The tobacco industry has a long history of using international trade agreements to force open new markets in low- and middle-income countries, sharply increasing tobacco use and the death and disease it causes. Increasingly, tobacco companies are also challenging measures to reduce tobacco use as violations of trade and investment agreements, threatening the authority of nations to protect the health of their citizens.
These tobacco industry tactics underscore the importance of excluding tobacco products from trade and investment agreements. These agreements should not promote or increase use of tobacco products, and they should not prohibit any nation from using its sovereign authority to protect public health by taking action to reduce tobacco use.
The United States must take the lead in excluding tobacco products from trade agreements to protect its own authority to reduce tobacco use, and to thwart the tobacco industry’s efforts to use trade agreements to undermine tobacco-control policies around the world. Most urgently, the Obama Administration should work to exclude tobacco products from the Trans-Pacific Partnership (TPP) Agreement that the U.S. is negotiating with eight other countries.
The rationale for excluding tobacco products from trade agreements is strong and simple. Trade agreements are intended to promote and expand trade in beneficial products. Tobacco products are universally recognized to be harmful, not beneficial.
In fact, tobacco products are uniquely lethal and highly addictive. Used as directed, tobacco products kill 1 in 2 users.
Tobacco products are the leading cause of preventable death in the U.S. and around the world. Tobacco killed 100 million people in the 20th century. Without urgent action, it will kill one billion people in the 21st century. Freer trade in tobacco products directly conflicts with the goal of saving lives by stemming this global epidemic.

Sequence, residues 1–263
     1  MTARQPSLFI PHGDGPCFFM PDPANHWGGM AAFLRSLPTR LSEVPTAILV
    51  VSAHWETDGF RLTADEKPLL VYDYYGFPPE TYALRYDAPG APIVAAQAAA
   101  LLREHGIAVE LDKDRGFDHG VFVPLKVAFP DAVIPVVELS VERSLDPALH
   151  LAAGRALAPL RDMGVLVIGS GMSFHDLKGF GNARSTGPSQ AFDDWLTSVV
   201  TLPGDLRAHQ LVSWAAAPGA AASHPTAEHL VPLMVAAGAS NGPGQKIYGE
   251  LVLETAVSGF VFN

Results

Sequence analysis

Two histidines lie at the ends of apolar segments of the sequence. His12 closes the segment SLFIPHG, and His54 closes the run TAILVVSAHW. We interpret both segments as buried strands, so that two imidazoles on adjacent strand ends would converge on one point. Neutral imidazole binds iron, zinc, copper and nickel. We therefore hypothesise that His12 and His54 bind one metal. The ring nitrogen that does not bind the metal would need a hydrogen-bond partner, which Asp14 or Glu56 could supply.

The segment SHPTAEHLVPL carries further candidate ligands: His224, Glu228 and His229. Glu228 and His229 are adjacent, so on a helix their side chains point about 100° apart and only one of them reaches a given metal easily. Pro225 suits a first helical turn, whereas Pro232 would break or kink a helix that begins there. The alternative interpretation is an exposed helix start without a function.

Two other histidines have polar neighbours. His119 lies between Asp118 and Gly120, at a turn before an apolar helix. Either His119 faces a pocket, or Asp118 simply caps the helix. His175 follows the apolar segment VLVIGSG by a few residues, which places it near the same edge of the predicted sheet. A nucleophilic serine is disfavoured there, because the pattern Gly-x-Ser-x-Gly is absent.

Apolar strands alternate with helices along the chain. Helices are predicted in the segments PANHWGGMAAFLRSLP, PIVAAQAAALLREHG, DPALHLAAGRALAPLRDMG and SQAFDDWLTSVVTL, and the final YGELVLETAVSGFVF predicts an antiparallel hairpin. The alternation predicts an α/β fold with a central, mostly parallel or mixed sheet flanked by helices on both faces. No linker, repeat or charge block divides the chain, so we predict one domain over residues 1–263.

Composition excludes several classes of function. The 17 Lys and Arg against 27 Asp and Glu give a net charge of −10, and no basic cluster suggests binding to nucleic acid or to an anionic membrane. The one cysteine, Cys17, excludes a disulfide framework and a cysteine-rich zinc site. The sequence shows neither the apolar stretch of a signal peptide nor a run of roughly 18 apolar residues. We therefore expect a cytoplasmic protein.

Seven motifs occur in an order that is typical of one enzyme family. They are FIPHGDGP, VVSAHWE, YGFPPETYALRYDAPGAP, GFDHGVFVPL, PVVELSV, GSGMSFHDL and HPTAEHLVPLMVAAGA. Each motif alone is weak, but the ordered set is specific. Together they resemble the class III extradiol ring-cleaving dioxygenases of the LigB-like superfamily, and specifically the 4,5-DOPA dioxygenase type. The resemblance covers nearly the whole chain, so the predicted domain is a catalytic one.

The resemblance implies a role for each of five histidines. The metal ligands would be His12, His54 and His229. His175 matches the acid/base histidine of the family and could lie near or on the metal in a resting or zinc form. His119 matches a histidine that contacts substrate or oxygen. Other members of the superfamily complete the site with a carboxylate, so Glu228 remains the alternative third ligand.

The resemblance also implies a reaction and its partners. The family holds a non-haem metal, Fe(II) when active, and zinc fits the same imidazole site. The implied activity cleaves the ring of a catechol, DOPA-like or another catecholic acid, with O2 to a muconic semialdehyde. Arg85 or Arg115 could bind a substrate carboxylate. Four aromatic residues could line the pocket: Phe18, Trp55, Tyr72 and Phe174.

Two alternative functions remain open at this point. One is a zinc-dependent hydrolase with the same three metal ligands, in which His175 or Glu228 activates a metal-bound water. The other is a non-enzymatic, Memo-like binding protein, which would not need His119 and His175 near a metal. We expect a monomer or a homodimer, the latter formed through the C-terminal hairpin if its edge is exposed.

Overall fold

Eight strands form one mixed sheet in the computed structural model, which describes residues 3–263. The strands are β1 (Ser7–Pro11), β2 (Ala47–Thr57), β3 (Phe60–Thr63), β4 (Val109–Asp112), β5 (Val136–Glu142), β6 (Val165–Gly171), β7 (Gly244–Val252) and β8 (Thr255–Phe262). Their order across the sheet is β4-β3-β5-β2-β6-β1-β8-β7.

The goals of liberalized trade include lowering the price of products and increasing the number of consumers for them. In stark contrast, public health measures seek to save lives by reducing consumption of tobacco products through policies such as higher taxes to increase prices, bans and restrictions on marketing, and large, graphic pack warnings that inform consumers about the disease and death caused by tobacco.
Nations across the globe have made legally binding commitments to implement such measures by signing on to the world’s first public health treaty, the World Health Organization Framework Convention on Tobacco Control (FCTC). All countries involved in the Trans-Pacific Partnership Agreement negotiations have ratified or signed the treaty.
Tobacco companies and their allies have been using trade and investment agreements to challenge and undermine tobacco control policies.
In recent years:
Indonesia sued the United States in the World Trade Organization over a ban on clove cigarettes, which is part of a prohibition on flavored cigarettes that appeal to youth.
Philip Morris International sued Uruguay under a bilateral investment treaty over its laws increasing the size of warning label on cigarettes and limiting the number of variations of each brand. Uruguay adopted these policies to counter the tobacco industry’s use of the deceptive terms “light,” “low tar” and “mild.”
American business groups asked the Office of the United States Trade Representative to use the Trans-Pacific Partnership Agreement negotiations to prevent Australia from moving forward with a requirement for plain cigarette packaging.
Philip Morris International sued Australia over its new plain-packaging law under an Australia-Hong Kong bilateral investment treaty.
Philip Morris International has sued Norway and Ireland over legislation banning the retail display of tobacco products as a violation of European trade rules.
The United States risks having its own landmark law giving the Food and Drug Administration the authority to regulate tobacco products undermined by tobacco industry lawsuits attacking its key provisions. Several elements of the FDA law, including the requirement for large, graphic cigarette warnings, marketing restrictions and flavoring ban, could be challenged under trade laws.
Tobacco is simply not like any other consumer product, and should not be treated as one in trade agreements. What’s at stake is the authority of nations to take actions that literally would save millions of lives.
FairWarning article: As Nations Try to Snuff Out Smoking, Cigarette Makers Use Trade Treaties to Fire Up Legal Challenges (Nov. 29, 2012)
Presentation: Why Tobacco Should Be Excluded from Trade Pacts